Aloneness of Working for Allah
(Bringing Islam to the World One Concept at a Time!
Taking the Qur’an to Every Home and Heart that Needs It —
And which One Does Not?)
Aloneness sometimes may be the earned lot of those who may claim to be “Working for Allah.”
That means those men and women who have dedicated themselves to doing everything in their power to “Take the Qur’an to Every Home and Heart that Needs It – and Which One Does Not?”
At times, and in some cases, it may actually be an upgrade from God of the status of some of these men and women in life – how they live their life in this world.
Did you see I did not say “Loneliness“? That is a very different thing.
Loneliness is a psychological state of some morbidity. It is pathology of some kind.
And it arises from a sense of loss and deprivation. And it diminishes life and its richness and mars its fuller enjoyment by affected individuals.
And there is behind it a feeling of being denied a desired object or outcome in life.
And often it is externally imposed – meaning when people deny you their company or withhold from you their attention or their esteem and affection.
But aloneness is different. It is a choice.
It is a personal and social outcome – and state of living – which people choose for themselves.
It is a form of self-imposed solitude, as the poet said:
Where are the charms that sages see in thy face?
It is learning to live with oneself, in conscious preference to living with all others.
It is Khalwat, in contrast to Jalwat.
And it is Wahdat.
It is Hijrat – leaving the world behind. But it is not Furqat.
It is not separation or parting of ways.
You are alone in terms of the denizens of this world – the world we see; the world of our senses; the world of immediate experience – Aalam Ash-Shahaadah.
But you are not really alone.
You are not alone in terms of the other world and its radiations – Aalam Al-Ghaib: the unseen world; the world that ordinary human experience cannot map or measure or access or even imagine.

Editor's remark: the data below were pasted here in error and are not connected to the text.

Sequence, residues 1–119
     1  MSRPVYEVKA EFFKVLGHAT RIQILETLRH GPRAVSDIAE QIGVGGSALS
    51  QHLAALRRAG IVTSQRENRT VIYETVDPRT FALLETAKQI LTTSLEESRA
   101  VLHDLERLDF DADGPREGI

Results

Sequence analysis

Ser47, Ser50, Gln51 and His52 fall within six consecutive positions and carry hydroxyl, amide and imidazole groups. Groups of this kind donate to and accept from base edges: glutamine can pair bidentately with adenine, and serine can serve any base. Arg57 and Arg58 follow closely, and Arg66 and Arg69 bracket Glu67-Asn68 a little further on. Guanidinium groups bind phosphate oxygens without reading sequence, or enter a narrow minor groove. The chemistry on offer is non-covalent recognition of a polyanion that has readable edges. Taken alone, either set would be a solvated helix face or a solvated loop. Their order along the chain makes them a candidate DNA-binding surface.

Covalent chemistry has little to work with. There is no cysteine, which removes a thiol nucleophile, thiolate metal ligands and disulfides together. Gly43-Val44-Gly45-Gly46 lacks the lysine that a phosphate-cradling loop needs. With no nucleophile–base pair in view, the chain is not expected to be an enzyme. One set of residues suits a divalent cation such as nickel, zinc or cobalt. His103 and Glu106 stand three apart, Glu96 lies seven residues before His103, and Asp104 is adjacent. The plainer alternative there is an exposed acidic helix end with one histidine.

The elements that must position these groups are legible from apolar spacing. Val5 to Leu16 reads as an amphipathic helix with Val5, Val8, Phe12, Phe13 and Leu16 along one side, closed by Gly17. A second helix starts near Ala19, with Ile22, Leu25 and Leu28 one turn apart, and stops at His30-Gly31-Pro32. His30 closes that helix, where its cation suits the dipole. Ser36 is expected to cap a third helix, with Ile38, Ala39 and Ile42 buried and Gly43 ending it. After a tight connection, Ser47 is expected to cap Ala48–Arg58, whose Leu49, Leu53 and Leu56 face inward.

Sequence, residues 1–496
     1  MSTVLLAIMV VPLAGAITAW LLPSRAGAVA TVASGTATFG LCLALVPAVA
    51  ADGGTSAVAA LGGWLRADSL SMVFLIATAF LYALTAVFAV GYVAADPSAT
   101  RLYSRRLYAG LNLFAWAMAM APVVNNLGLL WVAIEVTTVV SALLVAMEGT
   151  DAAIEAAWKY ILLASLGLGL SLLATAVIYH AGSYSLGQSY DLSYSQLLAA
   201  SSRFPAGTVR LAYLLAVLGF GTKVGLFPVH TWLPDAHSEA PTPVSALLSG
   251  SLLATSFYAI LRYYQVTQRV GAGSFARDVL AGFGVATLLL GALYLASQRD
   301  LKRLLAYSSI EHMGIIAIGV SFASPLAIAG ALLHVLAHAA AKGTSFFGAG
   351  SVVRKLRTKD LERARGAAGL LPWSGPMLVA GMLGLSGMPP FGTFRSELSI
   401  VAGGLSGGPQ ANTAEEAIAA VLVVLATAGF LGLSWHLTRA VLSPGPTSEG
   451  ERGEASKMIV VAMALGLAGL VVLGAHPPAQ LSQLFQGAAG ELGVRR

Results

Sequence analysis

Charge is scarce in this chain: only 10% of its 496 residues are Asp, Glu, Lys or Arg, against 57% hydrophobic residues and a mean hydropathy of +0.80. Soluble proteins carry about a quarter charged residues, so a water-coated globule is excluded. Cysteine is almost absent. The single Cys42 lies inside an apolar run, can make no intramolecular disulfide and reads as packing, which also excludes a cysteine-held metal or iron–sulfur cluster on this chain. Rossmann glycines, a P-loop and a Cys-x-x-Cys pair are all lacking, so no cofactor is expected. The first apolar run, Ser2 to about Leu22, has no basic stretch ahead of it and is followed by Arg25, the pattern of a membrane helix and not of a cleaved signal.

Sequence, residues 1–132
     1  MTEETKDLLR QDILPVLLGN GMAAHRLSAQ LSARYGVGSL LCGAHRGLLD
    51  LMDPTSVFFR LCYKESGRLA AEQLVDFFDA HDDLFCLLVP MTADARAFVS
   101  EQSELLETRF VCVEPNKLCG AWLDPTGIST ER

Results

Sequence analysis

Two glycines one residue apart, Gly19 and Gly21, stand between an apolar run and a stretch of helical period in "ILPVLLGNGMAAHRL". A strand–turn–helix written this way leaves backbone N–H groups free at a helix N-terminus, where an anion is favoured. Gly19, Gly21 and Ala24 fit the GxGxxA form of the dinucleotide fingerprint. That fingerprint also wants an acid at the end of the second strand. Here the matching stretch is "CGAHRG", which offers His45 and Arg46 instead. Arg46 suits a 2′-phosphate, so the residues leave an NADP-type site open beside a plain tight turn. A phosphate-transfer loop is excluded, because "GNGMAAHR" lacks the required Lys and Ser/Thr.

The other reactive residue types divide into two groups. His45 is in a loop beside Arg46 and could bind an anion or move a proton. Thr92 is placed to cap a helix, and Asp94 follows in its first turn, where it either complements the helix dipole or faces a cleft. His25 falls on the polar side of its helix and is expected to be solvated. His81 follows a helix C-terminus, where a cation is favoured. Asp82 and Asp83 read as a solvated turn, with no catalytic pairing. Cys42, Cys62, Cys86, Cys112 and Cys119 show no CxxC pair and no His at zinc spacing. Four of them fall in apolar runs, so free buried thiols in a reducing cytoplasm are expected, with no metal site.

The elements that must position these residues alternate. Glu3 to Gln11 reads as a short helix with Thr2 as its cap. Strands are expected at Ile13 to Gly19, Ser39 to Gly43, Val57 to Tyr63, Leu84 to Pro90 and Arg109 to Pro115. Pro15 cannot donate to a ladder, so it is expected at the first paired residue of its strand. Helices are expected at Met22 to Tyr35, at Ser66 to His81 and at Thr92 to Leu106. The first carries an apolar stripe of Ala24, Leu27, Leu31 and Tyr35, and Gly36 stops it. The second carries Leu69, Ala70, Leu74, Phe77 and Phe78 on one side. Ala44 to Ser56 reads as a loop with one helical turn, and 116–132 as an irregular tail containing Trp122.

You are now in tune with this other world. And the doors of its Anwaar and Tajalliyyaat are thrown open around you.
You can feel its breeze on your cheeks and you can glimpse the display of fireworks and the dance of rainbows yonder – beyond the Seen and the Visible and the world of the senses.
Angels of Allah are with you. And what is more, Allah is with you.
Ask Khosroe Dehlavi and he will tell you:
Khuda Khud Meer-i-Mafil Bood
Shab Jaaye Ki Man Boodam.
What a place! What a state of being!
What a party!
Who would want to leave that party and go out looking for ordinary human company or crowds?
Human companionship, fraught with myriad problems and home to more challenges and difficulties than anyone can imagine.
And yet, coming out of your party of one, emerging from your seclusion and solitude, and your self-imposed and almost cherished aloneness, and engaging with the world is what Islam is all about.
Islam forbids withdrawing from the world and from turning your back on the world – and on humanity and on your family, relatives, friends, visitors and callers – and mandates that you be an active, involved, caring and responsible part of your world: of your society; of your neighborhood; and of your human and non-human surroundings and environment.
That is what Islam requires of every one of us.
While lesser humans may at times find it difficult to break the hold of their learned aloneness, once they have gotten used to the taste of it, prophets of Allah, Alaihim Assalam (Allah bless them all!) are in and out of it with the utmost ease.
And they do this all the time without even being seen to be doing so.
In reality, their Jalwat is Khalwat. And their Khalwat is Jalwat.
Hear Prophet Muhammad, Sallallahu Alaihi wa Sallam, point this out in the clearest terms you can imagine:
Tanaamu ‘Aanaaya wa Laa Yanaamu Qalbee.
Paraphrase of this Hadith Sharif:
“My eyes sleep but not my heart.
And hear him announce to the whole world that he sees behind him just as clearly and easily as he sees in front of him!